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1/20. Catastrophic consequences of a free floating thrombus in ascending aorta.

    Floating masses in ascending aorta are an uncommon source of embolism. We report the case of a 46-year-old woman, smoker, on synthetic progestagen, with no previous history of thrombotic events, who was admitted to our emergency department for an acute anterior myocardial infarction. Coronary angiogram showed occlusion of left main coronary trunk. Recanalization of the artery was obtained. Ascending aorta angiogram revealed a free floating mass attached to the aortic wall without evidence of aortic dissection. Transesophageal echocardiography confirmed the presence of a pedunculated mobile mass attached to the aortic wall superior to the left coronary ostium. The patient underwent urgent surgery. Intraoperatively a floating thrombus was localized in the posterior wall of ascending aorta. At macroscopical examination aortic wall and leaflets were normal. Post-operative low cardiac output refractory to inotropic drugs and intraaortic balloon counterpulsation required a circulatory assist device. Consequences for the patient were catastrophic in terms of outcome.
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ranking = 1
keywords = counterpulsation
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2/20. Use of the intra-aortic balloon pump to stop gastrointestinal bleeding.

    Temporary aortic occlusion can be lifesaving in selected conditions. We describe the unorthodox use of an intra-aortic balloon pump without counterpulsation to achieve temporary vascular control in a patient with shock caused by rapid upper gastrointestinal bleeding. The technique of aortic balloon occlusion has been reported in several clinical circumstances, primarily trauma. However, its use to increase blood pressure and gain time for resuscitation before laparotomy for catastrophic gastrointestinal bleeding has not previously been described.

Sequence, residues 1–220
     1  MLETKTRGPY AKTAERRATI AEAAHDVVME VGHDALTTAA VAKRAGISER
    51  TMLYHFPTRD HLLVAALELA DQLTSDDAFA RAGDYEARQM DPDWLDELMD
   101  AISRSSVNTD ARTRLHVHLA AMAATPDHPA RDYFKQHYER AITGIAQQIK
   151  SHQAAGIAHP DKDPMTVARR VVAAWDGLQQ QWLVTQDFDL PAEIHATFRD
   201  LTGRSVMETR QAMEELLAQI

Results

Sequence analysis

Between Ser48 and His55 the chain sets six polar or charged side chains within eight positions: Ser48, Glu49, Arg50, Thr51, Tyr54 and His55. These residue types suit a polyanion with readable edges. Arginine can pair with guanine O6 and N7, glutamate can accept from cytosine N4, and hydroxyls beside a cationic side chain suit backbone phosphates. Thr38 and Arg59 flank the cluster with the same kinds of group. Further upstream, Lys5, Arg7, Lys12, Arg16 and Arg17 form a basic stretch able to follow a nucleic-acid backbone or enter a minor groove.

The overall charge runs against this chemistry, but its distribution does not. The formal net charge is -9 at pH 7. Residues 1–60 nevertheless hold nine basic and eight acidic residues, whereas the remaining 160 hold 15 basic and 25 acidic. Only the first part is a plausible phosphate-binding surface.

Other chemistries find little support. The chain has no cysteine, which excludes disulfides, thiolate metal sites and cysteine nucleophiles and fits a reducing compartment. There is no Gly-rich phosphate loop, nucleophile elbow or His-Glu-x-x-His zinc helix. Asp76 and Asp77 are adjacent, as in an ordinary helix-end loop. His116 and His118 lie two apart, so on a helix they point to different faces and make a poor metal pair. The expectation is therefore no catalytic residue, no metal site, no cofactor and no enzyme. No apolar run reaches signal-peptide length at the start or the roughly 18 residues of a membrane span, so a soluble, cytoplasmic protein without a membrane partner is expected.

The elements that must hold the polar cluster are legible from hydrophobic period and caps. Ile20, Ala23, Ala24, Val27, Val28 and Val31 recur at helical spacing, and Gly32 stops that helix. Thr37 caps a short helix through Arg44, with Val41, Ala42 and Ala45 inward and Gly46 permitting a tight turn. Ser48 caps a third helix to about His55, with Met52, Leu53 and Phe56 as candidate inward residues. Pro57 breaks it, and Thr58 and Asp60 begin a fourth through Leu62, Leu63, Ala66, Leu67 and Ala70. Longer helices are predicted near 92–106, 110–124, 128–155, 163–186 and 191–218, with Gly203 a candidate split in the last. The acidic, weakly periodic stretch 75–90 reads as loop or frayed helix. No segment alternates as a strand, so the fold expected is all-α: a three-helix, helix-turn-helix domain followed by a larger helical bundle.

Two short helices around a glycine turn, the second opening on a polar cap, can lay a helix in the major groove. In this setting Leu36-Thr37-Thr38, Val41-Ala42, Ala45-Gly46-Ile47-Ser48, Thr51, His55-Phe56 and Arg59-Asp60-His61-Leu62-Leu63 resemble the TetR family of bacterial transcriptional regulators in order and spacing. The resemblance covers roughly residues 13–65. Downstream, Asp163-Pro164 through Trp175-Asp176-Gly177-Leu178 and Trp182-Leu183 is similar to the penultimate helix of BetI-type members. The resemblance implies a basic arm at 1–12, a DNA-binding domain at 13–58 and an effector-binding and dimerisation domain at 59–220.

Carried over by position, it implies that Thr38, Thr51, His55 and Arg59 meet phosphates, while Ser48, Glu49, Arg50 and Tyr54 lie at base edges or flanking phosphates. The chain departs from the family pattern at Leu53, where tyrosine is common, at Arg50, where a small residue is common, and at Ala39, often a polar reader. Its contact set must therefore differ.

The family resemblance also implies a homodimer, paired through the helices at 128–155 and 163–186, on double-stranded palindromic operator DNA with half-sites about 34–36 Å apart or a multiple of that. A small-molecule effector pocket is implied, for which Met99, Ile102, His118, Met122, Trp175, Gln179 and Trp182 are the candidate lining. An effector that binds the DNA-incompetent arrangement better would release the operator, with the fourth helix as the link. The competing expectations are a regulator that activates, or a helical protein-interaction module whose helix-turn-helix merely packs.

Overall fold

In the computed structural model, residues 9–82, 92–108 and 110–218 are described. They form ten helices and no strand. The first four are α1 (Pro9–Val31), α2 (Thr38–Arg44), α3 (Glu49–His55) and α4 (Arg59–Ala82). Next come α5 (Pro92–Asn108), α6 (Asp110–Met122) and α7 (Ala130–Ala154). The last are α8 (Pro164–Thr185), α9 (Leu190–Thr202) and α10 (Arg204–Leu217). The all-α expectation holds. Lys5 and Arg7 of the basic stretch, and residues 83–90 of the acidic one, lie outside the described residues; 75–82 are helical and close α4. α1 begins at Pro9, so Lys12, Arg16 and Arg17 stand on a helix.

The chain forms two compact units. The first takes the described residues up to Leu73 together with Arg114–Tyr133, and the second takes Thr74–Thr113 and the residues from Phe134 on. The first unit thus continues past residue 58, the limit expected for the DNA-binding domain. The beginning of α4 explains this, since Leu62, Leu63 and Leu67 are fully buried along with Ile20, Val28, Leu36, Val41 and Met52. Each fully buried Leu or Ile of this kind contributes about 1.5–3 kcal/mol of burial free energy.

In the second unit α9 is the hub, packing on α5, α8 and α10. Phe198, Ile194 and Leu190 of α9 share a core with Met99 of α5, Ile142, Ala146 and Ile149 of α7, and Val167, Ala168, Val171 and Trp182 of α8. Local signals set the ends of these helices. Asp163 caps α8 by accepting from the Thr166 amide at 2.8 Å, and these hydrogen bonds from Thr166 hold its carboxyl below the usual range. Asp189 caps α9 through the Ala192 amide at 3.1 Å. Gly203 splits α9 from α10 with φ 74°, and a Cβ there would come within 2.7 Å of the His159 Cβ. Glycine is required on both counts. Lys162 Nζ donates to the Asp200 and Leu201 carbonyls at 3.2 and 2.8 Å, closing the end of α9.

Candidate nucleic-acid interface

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ranking = 1
keywords = counterpulsation
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3/20. Vascular complications of the intra-aortic balloon counterpulsation.

    From September 1994 to December 2002, 6,274 cardiosurgery operations were performed at the Department of Cardiac Surgery, University Hospital, Hradec Kralove, czech republic. Intra-aortic balloon counterpulsation (IABP) was applied in 192 cases (3.1%). From this group of 192 counterpulsated patients 103 were successfully treated (53.6%); 89 counterpulsated patients (46.4%) died from the surgical procedure (30-day mortality rate). In 5 cases (2.6%) from the group of 192, the IABP was introduced before the operation. Ischemic changes of the limb were observed in 11 cases (5.7%). Significant bleeding occurred at the site of puncture in 6 cases (3.1%). dissection of the femoral and iliac arteries was found in 2 patients (1.0%), perforation of the iliac artery in 1 case (0.5%). In 2 cases (1.0%) the balloon was led into the venous system. In case report No. 1 an introduction of the balloon under a sclerotic plaque of the descending aorta and iliac artery is described. In case report No. 2 a placement of the balloon in the venous bloodstream is reported.
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ranking = 5
keywords = counterpulsation
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4/20. Levosimendan: a promising treatment for myocardial stunning?